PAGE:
Sunday, December 21, 2008

Blagojevich is innocent(ish)

Ian Williams: Strings attached and change for which we must all pay
Tribune December 21, 2008

THE world greeted Barack Obama’s election with understandable jubilation. However, while there will be some change, there may be somewhat less than some of his fervent supporters expect. One augury of that was last week’s arrest on corruption charges of Rod Blagojevich, Governor of Obama’s home state of Illinois. Blagojevich was charged with trying to trade his right as Governor to nominate Obama’s replacement in the Senate for a position or profit for himself or his wife. He was also shaking down state contractors for campaign contributions.

Chicago politics are notorious: it is the city where if dead men only voted twice, they would be exhumed to go to the polls for a third time. The media were filled with shock-horror stories and replayings of the phone taps of the Governor’s conversations with the frequent expletives bleeped out. Despite diehard Republican efforts to tie in Obama, the FBI prosecutor specifically cleared the President-elect, not least because the Governor directed some of his obscenities at Obama for not playing the game. But while Blagojevich was crude and indiscreet, the tone of pious horror with which commentators reported the charges is amazing. There was none of the irony with which Claude Raines discovered that customers were gambling in Rick’s café in Casablanca: it was fervent outrage.

But the Governor was only doing what almost everyone else in American politics does. Does anyone really think that Hillary Clinton did not engage in hard bargaining for the Secretary of State job? Even the squeaky-clean Obama raised around a billion dollars from contributors for his election campaign – the most ever for a candidate. Yes, he did establish an unprecedented network of small contributors, but most of his money came from rich people who want to stay that way. Everyone would like to pretend those donations had no strings attached, but that is nonsensical. If Obama does not deliver, then in four years times, those cheques from the financial institutions will be going to someone else. It is more than strings attached. In the American political system, it is as difficult for a poor man to enter office as it is for a camel to get through a needle’s eye, unless some passing billionaires throw a rope down.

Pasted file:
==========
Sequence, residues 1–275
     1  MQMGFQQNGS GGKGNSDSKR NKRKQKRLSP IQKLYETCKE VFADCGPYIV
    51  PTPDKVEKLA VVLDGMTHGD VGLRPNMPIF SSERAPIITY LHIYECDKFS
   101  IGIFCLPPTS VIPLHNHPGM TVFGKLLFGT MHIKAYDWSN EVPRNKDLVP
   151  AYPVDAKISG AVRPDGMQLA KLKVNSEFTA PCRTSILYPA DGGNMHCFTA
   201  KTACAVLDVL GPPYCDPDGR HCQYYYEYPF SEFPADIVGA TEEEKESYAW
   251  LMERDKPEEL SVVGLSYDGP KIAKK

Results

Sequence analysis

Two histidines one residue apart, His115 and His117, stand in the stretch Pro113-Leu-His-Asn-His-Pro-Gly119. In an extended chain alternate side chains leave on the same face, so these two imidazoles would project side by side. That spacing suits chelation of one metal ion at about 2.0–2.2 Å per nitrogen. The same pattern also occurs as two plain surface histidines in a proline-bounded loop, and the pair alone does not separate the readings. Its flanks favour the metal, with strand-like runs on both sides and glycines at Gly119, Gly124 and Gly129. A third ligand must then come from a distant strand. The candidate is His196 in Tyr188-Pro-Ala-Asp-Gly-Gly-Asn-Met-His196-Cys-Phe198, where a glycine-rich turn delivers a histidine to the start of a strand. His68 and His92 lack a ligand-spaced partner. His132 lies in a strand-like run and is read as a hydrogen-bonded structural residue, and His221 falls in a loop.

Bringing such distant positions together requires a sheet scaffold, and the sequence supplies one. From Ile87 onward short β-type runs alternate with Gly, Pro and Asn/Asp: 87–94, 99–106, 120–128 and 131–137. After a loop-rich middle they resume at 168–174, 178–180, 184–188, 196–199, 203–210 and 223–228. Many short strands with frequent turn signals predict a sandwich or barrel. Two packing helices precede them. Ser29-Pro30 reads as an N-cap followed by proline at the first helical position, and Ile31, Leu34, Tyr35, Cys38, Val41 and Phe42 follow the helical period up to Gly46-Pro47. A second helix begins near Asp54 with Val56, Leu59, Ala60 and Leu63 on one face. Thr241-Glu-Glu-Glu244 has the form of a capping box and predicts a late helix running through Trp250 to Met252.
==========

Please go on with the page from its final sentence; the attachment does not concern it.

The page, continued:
Exxon-Mobil has been a major financial supporter of George Bush and Republican causes, but of course it is only its power of intellectual persuasion that has kept the administration in a state of denial about global warming and the need to rein in oil use.

Does anyone really think that Halliburton did not benefit when its former chief executive, Dick Cheney, became Vice President? Can it be just a coincidence that the finance industry in the United States has been the biggest political contributor for several decades over which restrictions and oversight have been progressively lifted?

When Robin Cook was Foreign Secretary, his team did their best not to chortle in the faces of denials from Bill Clinton’s team that the donation from United Fruit had anything to do with the case the US started at the World Trade organisation against European Union preferences for Caribbean bananas. The US does not grow bananas, but United Fruit does, in vast low-wage plantations across Central America.

And one would have to believe in the power of Dianetics not to see a connection between the huge Hollywood donations to Clinton from the L Ron Hubbard school of acting (prop: John Travolta) and the administration’s almost immediate acceptance that Scientology was a bona fide religion.

The difference is that all such deals are traditionally clinched with the equivalent of a Masonic nudge and handshake rather than blurted out expletively on tapped phone lines. Blagovejich’s only real crime was crudeness, but he will pay for it dearly – unlike Scooter Libby, nailed by the same prosecutor, whose sentence was promptly commuted by the President for whom he had so loyally lied.

Meanwhile, the attention given to the Governor from Chicago diverts attention from the Chicago School, the cabal of monetarists whose intellectual depredations brought dictatorship in Chile, kleptocracy in Russia and financial chaos in the US – and Margaret Thatcher’s trashing of British manufacturing.

Far from facing prison time like Blagojevich, the serried ranks of Congresspersons, bankers and chief executives, who under cover of the Chicago School’s licence to loot have reduced the world’s greatest financial power to relative bankruptcy, are sentenced to be force-fed untold billions of taxpayers’ money. As Bertolt Brecht pointed out in The Threepenny Opera, small crooks rob banks, big ones start them.

Obama has a window of opportunity. There is less tolerance for corporate greed in the electorate than ever before. The lobbyists will be hard at work, but simply flushing them into the daylight will have a salutary effect for a short period, while they will be like flies on a cowpat trying to gorge on the stimulus package dollars. But, in the long run, if Obama wants to produce credible and long-lasting change, he will have to do something about campaign finance or else he will just be marking time until the next big scandal.

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